Theatre review: Lucy McCormick: Post Popular, Pleasance Courtyard, Edinburgh

Lucy McCormick: Post Popular, Pleasance Courtyard (Venue 33)
Lucy McCormick: Post Popular, Pleasance Courtyard (Venue 33)
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"I do historical reenactments,” Lucy McCormick offers at the top of her new show.

Lucy McCormick: Post Popular, Pleasance Courtyard, Edinburgh * * * * *

This is true, sort of, though audiences who witnessed the gloriously obscene account of the life of Christ given in McCormick’s 2016 show, Triple Threat, might feel it doesn’t quite cover the bases.

Post Popular takes broadly the same approach as that show: McCormick is front and centre, voraciously dynamic and mildly delusional, walking us through her process as she brings the past to life, backed by two sexy-deadpan dancer-stooges (Samir Kennedy and Rhys Hollis). This time round, the subject is “all the famous women in history”. Who, McCormick wonders, “is going to inspire me so I can inspire you?”

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So unfolds a ridiculous romp through several millennia of female empowerment, from the Garden of Eden to the Suffragettes, realised through formal approaches ranging from comic monologues and preposterous choreography to bin-bag couture and splattered condiments. It’s part Karen Finley, part National Theatre of Brent. McCormick’s persona is the heart of the show, unabashedly self-aggrandising and charismatically domineering yet flecked with insecurity and self-loathing.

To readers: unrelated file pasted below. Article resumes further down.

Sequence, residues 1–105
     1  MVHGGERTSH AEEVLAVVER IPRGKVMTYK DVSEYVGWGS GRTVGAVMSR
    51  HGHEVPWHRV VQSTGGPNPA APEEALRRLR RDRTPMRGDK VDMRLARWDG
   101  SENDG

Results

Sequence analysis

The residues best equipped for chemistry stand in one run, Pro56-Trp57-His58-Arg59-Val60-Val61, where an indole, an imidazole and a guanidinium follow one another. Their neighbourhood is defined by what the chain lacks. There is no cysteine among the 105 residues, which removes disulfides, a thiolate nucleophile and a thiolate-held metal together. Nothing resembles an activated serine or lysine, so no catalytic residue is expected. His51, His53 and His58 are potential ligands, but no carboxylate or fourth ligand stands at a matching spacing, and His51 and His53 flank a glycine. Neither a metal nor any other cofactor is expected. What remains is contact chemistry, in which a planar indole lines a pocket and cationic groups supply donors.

A superb clown, she also dances and sings terrifically; there’s witty use of music throughout, including Chaka Khan, Cat Stevens and Mariah Carey. But the dynamic between McCormick and the audience is also crucial, manoeuvring through off-the-cuff rapport and parodic trust games to more ambitious use of the crowd as part of the historical scenery, as regimented troops or a baying mob.

The show’s uses of history are often deceptively savvy and shrewd, with on-point observations gliding below the chaotic surface.

Indeed, the delight of Post Popular, which is directed by Ursula Martinez, is its breathless yet utterly assured pivoting between wildly varying registers. Orifice-based slapstick sits alongside stiletto-sharp wit; boredom, slowness and insecurity have their place next to bravura entertainment and edge-of-the-seat emotion. You might not be surprised by the show’s failure to account for every significant woman in the history of the world, but you might be by its balancing act of funny and vulgar, vulnerable and sharp-eyed, savage and sweet.

Until 25 August

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